After you have created a new Windows user account for EFT Server, use Windows' permissions to set the permissions for folders, files, or drives for the account. Permissions should be as restrictive as possible while still allowing EFT Server enough permissions to run.
After it is installed, EFT Server has access to local folders and files. To run it as a service with permissions to the network and mapped drives, you must create an NT account for EFT Server, assign the GlobalSCAPE EFT Server service to the account, and log EFT Server on as a service. Using Windows NT’s permissions, set the permissions for files or drives of this user to be as restrictive as possible, while still allowing EFT Server to run. After carefully determining which files and network folders your users will need to access, gradually increase the permissions.
Using NT Authentication, user permissions override EFT Server's permissions. For example, if EFT Server has read-only access to folder1, but user John Doe has read and write permissions to folder1, John Doe has those same permissions when he accesses folder1 through EFT Server.
Windows NT permissions can be edited through the Security tab in the Properties of a file or folder. On the Security tab, select Permissions to display and edit the permissions for the object. The appearance of this dialog box is slightly different for files and directories, but in both cases, the following permissions can be granted to users or groups:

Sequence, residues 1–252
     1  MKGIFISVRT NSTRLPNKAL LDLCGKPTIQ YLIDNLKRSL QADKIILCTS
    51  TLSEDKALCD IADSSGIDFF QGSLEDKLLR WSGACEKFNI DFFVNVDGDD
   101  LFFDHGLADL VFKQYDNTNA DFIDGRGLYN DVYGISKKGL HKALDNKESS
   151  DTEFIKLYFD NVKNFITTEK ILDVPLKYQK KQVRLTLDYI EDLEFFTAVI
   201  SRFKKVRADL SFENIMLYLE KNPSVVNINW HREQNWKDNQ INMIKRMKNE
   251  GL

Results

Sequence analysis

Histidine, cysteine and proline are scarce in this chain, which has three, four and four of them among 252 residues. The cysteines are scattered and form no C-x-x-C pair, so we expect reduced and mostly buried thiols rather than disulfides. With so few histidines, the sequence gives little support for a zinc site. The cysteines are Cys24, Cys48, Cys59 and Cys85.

P (Edit permissions)
O (Take ownership)
Keep in mind that you have the option to grant or withhold read and write permissions. Read-only permissions are the most secure, because they allow users to access a file, but not to change it. For example, most users will need limited read access to the Windows folders (C, WinNT); however, most FTP Servers will not need any access to these directories at all.
In addition to the individual permissions, Windows NT permissions also provide access levels that are simply pre-built sets of the existing permissions. Typically, you assign an access level to a user rather than granting individual permissions. One such access level is called "No Access," which does not contain any permissions.
T o view and edit the permissions for a folder or file
In Windows Explorer, right-click the file or folder, then click Properties.
On the Security tab, click Permissions. The appearance of this dialog box is slightly different for files and directories and for different versions of Windows (W2K, XP, etc.).
For more information about setting permissions to folders and files, refer to the Windows Help documentation for your specific operating system. (e.g., click Start > Help and Support, then search on keyword permission.)